The problem for all three, however, is that if the war continues and becomes ever more vicious, they may be implicated in supporting actions which will not stand scrutiny in the court of international public opinion. Russia bore that cost in Syria because it was geo-strategically crucial. But is Ethiopia that valuable to its government’s backers?
The US and European Union (EU) have taken tougher positions on both parties to the conflict, though some EU member states are reluctant to impose US-style sanctions on the grounds that it would diminish their influence with the Ethiopian government. All are at least firmly behind the AU peace efforts.
But these will have little traction until both sides see no chance of a military solution, and a united message from the international community that the fighting must stop. No solution can be imposed on the Ethiopians – that they must find. But now is not the time to add fuel to their fire. So the road to peace in Ethiopia runs through Beijing, Ankara and Abu Dhabi as much as through New York and the AU. And until that road is run, the fighting will continue, the Ethiopian people will suffer, and the region will become increasingly unstable.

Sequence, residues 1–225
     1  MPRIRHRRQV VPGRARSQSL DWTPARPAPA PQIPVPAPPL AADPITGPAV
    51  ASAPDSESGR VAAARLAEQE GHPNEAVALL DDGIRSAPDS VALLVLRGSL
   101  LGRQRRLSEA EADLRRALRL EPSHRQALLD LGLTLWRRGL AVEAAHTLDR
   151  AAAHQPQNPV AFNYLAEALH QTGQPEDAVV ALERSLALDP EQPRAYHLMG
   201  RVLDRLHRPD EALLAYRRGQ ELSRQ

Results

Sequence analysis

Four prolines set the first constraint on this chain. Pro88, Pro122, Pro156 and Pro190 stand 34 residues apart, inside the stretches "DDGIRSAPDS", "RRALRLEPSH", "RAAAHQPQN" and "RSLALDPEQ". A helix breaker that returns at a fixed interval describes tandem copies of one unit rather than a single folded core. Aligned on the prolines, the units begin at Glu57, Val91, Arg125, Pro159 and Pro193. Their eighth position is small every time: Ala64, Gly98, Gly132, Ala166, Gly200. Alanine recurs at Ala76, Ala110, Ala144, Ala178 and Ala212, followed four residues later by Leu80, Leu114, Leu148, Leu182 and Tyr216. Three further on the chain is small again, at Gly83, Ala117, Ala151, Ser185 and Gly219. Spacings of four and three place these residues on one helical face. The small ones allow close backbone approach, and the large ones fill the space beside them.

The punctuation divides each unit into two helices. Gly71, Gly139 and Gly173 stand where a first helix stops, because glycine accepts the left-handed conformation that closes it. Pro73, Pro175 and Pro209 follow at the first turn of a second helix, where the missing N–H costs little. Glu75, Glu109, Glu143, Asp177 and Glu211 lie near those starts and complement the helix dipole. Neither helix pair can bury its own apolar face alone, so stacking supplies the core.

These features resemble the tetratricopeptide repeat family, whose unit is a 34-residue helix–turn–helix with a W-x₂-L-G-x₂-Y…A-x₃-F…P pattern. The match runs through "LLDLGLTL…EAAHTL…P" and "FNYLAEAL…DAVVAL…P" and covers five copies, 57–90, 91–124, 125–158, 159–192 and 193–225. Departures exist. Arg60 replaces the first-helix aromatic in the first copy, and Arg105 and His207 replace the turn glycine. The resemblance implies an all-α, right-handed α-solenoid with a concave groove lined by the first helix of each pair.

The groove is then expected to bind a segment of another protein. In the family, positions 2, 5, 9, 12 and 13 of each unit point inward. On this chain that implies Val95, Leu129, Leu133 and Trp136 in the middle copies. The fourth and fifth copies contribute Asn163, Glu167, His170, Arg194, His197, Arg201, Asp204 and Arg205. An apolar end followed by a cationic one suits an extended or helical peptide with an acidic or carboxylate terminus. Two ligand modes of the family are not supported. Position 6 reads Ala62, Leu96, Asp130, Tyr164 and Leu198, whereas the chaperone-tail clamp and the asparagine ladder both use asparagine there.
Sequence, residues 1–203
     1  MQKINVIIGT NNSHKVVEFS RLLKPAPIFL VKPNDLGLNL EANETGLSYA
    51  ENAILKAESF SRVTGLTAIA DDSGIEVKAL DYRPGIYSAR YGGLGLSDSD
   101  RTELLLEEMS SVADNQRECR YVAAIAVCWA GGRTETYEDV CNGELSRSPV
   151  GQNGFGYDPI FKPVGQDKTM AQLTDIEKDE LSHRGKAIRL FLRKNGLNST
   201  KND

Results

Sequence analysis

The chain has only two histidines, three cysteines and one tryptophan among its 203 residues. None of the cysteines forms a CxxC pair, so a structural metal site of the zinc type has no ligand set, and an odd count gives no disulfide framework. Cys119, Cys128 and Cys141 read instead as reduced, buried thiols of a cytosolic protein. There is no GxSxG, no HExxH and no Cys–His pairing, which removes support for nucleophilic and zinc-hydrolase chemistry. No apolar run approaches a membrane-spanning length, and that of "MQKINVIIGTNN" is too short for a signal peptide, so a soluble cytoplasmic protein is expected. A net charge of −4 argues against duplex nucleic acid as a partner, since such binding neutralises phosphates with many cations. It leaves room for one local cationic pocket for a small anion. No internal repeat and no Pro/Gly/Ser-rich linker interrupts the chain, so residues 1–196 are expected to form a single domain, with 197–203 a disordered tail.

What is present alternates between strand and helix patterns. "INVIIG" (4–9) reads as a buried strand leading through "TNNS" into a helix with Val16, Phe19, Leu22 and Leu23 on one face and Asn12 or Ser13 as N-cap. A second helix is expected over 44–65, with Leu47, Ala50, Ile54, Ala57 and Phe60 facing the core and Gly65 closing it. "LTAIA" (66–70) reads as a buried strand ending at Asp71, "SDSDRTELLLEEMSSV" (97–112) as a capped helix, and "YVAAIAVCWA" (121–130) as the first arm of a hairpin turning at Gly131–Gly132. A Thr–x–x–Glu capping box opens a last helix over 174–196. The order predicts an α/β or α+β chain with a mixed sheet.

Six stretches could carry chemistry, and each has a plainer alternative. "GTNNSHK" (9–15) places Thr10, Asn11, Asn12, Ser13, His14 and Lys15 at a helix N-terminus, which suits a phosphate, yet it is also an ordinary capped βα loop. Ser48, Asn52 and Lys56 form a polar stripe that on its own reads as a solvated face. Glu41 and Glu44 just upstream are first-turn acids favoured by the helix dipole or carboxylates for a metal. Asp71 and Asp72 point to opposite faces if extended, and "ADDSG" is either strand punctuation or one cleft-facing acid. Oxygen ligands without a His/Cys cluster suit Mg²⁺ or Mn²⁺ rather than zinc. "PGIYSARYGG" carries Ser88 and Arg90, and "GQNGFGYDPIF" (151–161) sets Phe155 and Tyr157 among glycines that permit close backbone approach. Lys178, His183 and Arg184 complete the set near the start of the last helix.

Is the Horn, like Syria or the Yemen, to be another victim of the new multipolar world? The origins of conflict may be in Ethiopia’s own divisions, but its resolution now depends on international action.